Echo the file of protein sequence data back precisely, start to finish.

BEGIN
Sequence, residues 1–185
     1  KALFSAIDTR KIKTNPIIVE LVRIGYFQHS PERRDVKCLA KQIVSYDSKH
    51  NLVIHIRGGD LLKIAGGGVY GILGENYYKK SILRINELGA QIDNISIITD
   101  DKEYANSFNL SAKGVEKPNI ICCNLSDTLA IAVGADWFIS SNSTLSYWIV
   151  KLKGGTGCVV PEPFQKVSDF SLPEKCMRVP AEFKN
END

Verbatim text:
Sequence, residues 1–185
     1  KALFSAIDTR KIKTNPIIVE LVRIGYFQHS PERRDVKCLA KQIVSYDSKH
    51  NLVIHIRGGD LLKIAGGGVY GILGENYYKK SILRINELGA QIDNISIITD
   101  DKEYANSFNL SAKGVEKPNI ICCNLSDTLA IAVGADWFIS SNSTLSYWIV
   151  KLKGGTGCVV PEPFQKVSDF SLPEKCMRVP AEFKN